“Three Times A Lady” (Happy Birthday To You!!!)

Today she would have been 81. It doesn’t seem like it has been a whole year since I saw her last.  We threw her  a grand surprise party, and I will have memories of it…of her, for the rest of my life.  For some reason I thought she would live forever.  She was 80 years young, and even sick she could run circles around me.  She had a quick wit, and a come back for everything. She was hilarious too!! I will never forget the conversation about “German Shepard Cake”, or my mom having a “Blue Bird” phone.  I remember a conversation she and I had just a week or so before she passed.  My mom is often hard to get a hold of.  I would call and leave messages and sometimes won’t hear from her until 2 weeks later.  She was having the same problem.  She said she was going to have someone call her and tell her that she missed her funeral.  She was the best with the dry sarcastic humor.

Vegas was her playground. She could hang with the best.  It seemed like she turned into the Energizer Bunny. She didn’t need a reason to go, and turned every holiday into a Vegas Holiday.  If it wasn’t Vegas, it was a Morango holiday.  You wouldn’t even know she was gone until she would roll into the house early in the morning.

She loved her family very much!! Though she may not have said it, her actions showed it.  She left behind a legacy, 4 daughters,  26 grand children, 40 great grandchildren and one great great grandchildren.  She will be missed but never forgotten. Happy Birthday Grandma Constance!!! Can’t wait to see you at the SAVIOR’S feet.  Oh what a reunion that will be!!!

One Great Day

Yet we must not forget
we believe in an everlasting hope.
One that conquers all pain,
And heals all wounds.
He raised Lazarus from the dead
And himself from the tomb.
With all power he rose again,
Proclaiming his promise of return.

Oh will you be ready,
When he returns and cracks the sky,
When demons are stifled and death itself will die?
Where hurts will be forgotten
And disappointments will be no more.
Loved one’s will be reunited
Some day on that distant shore.
His promises will all be reviled,
No more sorrow, loss, no more worry or pain,
With a loud cry,
The dead in Christ will rise
And the rest will meet them in the sky.

Oh what a joyous day,
When we all see him face to face.
Yes, we have hope to see our loved one’s again,
On that earth made new time will never end.

Until then I am getting ready,
For that wonderful place beyond the sky,
When years are but an instance,
With him forever we will abide
His grace was sufficient,

His promises were true
His glories I see,
His mercies anew.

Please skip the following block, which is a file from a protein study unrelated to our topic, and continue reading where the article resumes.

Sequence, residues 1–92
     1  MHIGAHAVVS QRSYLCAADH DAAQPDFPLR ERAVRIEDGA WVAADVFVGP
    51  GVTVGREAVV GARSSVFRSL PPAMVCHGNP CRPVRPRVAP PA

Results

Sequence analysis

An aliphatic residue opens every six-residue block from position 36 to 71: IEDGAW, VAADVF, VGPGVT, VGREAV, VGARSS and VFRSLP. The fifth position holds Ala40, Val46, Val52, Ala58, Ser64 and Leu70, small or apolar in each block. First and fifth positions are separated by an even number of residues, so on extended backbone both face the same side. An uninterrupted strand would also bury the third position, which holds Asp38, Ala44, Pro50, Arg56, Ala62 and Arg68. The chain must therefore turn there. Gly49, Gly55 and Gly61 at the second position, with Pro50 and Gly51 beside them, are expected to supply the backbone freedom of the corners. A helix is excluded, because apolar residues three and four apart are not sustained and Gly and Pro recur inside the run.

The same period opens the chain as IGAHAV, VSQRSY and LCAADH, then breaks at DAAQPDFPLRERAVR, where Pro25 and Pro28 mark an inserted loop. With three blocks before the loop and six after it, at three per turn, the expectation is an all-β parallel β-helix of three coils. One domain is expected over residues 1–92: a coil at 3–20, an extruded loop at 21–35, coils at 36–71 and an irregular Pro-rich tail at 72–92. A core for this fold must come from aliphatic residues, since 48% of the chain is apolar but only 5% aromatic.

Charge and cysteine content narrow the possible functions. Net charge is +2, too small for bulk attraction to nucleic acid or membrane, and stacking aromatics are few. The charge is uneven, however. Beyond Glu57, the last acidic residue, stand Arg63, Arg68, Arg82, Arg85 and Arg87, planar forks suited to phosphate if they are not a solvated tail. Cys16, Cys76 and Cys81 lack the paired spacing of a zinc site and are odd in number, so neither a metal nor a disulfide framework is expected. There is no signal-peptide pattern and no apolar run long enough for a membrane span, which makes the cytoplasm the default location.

One day we will all be with him
Oh what a reunion that will be“When we all get to heaven ,
We will sing and shout the victory”.

-Brandi Watts

Copyright © 2012, All rights reserved by author

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Constance Marie Clark-Daniels-Clemons

April 29, 1931-September 24, 2011


“Grandma’s Hands”

Every Black History Month, there are children studying great American’s such as Martin Luther King, Rosa Parks, Harriet Tubman and more recently President Barack Obama.  I remember these lessons when I was a child.  I looked forward to talking about someone who looked just like me in a classroom where I was surrounded on all corners by white boys and girls.  I learned of great men and women who made a difference despite being mistreated because of the color of their skin.  While I loved to hear these stories about the people who looked just like me, I couldn’t relate to them.  They seemed like these great mythical creatures or super heroes.  I never thought that I would be able to ever meet anyone who was apart of this “great black royalty” that we heard about every January, and most in February. Even still, I was happy to learn about them since most of the American history I learned about was geared more towards  Euro centric history.

For some reason this years of Black History hasn’t been the same as the past 32 have been.  I don’t know if it is because I  have lost family members recently or what.  I have become more interested in my lineage, my ancestors, who make up the 20,000-25,000 genes that I possess and whose experiences influenced my life.. Because of this, I began to  ask questions from the matriarchs, and patriarchs of the family to begin to research my family tree.  From this information I began to build a history of the “great black royalty” in my own family.

My grandmother Constance Clark, married at a young age, and had 7 children.  After she raised her children, she went back to school for her GED, and then later to Nursing School, proving that it is never to late to follow your dreams. My grandfather Delbert Daniels grew up in Oklahoma, later relocating to Southern California where he was  the first black supervisor at the San Bernardino County Post Office.  My great-grandfather, Eugene Marks owned a very succesful sanitation business.  He would always tell the story of how Berry Gordy of Motown wanted to buy his property, and how he turned him down.  He always cared for his family and took time out of his busy schedule to talk with his grandchildren and tell us stories from “back in his day”.My grandmother Katie B Merriman served in the Air Force at a time when it was not popular to be black in the military, let alone a women. Her great-great grandmother Clarissa Murphy was born into slavery and was a single mother to 7 children in a time when it was hard enough to take care of yourself.  My grandfather Eddie King who grew up in a small town of Lower Peach tree Alabama, has always been an example to me of a hard worker, and an example of how a man should treat a women. He absolutely adores my grandmother.You can see it every time he looks at her. He is the great-grandchild of Leonard King that was the older brother of Martin Luther King Sr.